Iran Focus

London, 8 Jan - There are many things that have paved the way to the Iranian protests from the Regime’s inadequate reaction to the November earthquake which left 30,000 homeless to the severe cuts made in the Regime’s latest budget proposal to the massive hike in basic food products, but at the centre of it all is corruption and abuse by the Iranian Regime.

Majid Ahadi, a 25-year-old mechanic, took to the streets on Friday, December 29, to protest endemic corruption and mismanagement.

He said: “You hear about one thing or another sparking the demonstrations, but it wasn’t a single thing - it was a perfect storm. There was so much pressure on the people, it just exploded.”

He explained that, while food like eggs has more than doubled in price, this would not be a problem if the good jobs that were promised by Rouhani had arrived. Currently, 40% of young people are unemployed.

These protests, which began spontaneously in Kermanshah and Mashhad, are mainly populated by the working-class, whose needs are consistently ignored by those in power and who have been most affected by the Regime’s bankrupting of the country.

Not only has Rouhani failed to deliver on jobs and investment during his tenure; he has also continued ploughing public funds into regional conflicts and terrorist groups as part of the Regime’s bitter rivalry with Saudi Arabia. The most recent budget increased military funding by almost 20%, whilst increasing fuel prices and ending cash subsidies.

Ahadi explained: “Iran is not a poor country, but its national wealth is going to Hizbollah in Lebanon, Hashd al-Shaabi (Popular Mobilisation Forces) in Iraq and the Houthis in Yemen.”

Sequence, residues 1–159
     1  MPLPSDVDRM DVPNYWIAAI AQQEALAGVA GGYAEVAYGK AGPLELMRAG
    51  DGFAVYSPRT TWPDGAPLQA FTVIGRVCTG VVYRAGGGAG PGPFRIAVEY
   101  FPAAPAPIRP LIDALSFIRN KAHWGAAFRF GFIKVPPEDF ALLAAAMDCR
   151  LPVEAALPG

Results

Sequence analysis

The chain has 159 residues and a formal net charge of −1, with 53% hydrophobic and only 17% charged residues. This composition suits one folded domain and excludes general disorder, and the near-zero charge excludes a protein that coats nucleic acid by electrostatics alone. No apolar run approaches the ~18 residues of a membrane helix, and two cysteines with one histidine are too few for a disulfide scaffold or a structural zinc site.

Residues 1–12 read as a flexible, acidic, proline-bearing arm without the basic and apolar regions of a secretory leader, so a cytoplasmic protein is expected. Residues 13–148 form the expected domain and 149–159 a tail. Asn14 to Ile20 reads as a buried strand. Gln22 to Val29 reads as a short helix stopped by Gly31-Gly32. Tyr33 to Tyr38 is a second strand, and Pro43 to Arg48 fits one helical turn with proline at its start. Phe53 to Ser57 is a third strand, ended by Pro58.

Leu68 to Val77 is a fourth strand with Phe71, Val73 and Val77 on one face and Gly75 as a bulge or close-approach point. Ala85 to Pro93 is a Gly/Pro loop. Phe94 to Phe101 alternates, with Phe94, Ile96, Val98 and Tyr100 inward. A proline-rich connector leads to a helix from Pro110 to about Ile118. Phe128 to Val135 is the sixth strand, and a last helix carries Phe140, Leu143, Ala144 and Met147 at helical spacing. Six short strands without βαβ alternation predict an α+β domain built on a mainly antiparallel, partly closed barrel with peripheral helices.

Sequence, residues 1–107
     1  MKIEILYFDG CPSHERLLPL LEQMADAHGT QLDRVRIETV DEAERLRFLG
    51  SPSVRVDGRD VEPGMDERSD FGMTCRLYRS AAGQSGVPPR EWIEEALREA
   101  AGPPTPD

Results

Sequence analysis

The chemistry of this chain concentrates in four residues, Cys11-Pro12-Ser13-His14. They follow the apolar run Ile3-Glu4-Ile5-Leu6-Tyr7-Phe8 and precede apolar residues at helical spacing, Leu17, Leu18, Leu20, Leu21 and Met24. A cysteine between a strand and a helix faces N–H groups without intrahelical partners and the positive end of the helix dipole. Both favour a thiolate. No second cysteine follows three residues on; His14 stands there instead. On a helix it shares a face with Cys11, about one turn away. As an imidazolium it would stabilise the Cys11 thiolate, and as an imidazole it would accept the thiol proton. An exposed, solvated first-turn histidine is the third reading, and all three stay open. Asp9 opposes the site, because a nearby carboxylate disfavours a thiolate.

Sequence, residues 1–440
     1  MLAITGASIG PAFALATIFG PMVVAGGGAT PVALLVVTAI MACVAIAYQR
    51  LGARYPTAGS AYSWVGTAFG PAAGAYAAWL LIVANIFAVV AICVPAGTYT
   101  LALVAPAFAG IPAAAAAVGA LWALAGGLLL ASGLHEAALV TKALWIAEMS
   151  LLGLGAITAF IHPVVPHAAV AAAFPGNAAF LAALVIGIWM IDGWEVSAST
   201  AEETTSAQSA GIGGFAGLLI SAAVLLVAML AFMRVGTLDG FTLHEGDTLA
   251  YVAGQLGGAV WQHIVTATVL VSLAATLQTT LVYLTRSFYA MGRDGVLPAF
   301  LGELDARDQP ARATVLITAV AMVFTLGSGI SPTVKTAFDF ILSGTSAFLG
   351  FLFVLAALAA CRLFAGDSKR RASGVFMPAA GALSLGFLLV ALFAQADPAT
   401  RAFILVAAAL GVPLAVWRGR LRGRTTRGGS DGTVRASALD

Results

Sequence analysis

Increased access to technology has exposed the corruption of the Regime, shown the relative freedoms enjoyed in the West, and allowed better communication between the protesters.

As a result, the Regime has restricted access to the internet and blocked certain social networks in order to quell the protests but many citizens are circumventing this through virtual private networks (VPNs).

Holly Dagres, an Iranian-American Middle East analyst, explained that the growth in smartphone users allows protesters to communicate easily and effectively.

She said: “These current protests are big… Protesters are taking to the streets in cities and provincial towns that we haven't heard from since the 1979 revolution. They are also leaderless, which makes pointing fingers especially hard to do, unlike 2009 when the Green Movement leaders were blamed and later put under house arrest. It makes it harder to stamp them out.”

The People’s Mojahedin Organisation of Iran (PMOI), an exiled opposition group, has welcomed the protests and called for the fall of the Regime.

Activist Mohammed said: “This is the group’s slogan: protest at any time, at any place. We have helped come up with times and meeting places for people to gather. Don’t think this will go away, that people will give up. It will have ups and downs but it is certainly not the end as the Revolutionary Guard claims.”

Dagres agreed.

She said: “As long as the government doesn't address the concerns of its citizens, their anger will continue to bubble beneath the surface.”

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